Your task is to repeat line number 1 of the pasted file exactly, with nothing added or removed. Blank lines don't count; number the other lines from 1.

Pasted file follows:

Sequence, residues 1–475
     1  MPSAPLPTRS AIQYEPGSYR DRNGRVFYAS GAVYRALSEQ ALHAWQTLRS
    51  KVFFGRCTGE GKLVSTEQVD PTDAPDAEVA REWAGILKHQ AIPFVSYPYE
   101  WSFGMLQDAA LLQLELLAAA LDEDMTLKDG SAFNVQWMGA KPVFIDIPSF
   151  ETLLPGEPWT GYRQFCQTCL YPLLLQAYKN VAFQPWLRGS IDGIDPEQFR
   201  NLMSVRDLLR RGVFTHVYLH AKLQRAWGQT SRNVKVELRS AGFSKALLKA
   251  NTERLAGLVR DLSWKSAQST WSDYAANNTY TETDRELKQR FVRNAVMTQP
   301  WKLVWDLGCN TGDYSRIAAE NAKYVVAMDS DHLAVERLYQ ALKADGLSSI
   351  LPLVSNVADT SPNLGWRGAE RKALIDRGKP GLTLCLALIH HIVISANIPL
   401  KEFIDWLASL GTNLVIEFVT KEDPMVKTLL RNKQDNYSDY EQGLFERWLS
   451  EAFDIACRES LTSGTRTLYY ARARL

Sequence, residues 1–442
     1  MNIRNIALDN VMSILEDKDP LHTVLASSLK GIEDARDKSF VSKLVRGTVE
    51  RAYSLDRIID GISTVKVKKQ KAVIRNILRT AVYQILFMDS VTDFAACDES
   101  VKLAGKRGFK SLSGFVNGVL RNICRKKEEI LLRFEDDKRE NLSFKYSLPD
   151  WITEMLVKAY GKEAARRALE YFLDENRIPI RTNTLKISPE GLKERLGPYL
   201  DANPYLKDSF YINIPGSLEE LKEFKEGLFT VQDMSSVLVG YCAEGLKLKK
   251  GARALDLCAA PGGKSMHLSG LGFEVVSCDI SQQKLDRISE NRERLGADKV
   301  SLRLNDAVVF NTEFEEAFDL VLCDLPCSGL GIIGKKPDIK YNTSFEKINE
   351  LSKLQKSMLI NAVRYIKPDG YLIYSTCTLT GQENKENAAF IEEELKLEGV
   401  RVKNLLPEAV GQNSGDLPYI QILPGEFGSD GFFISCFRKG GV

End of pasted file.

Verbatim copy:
Sequence, residues 1–475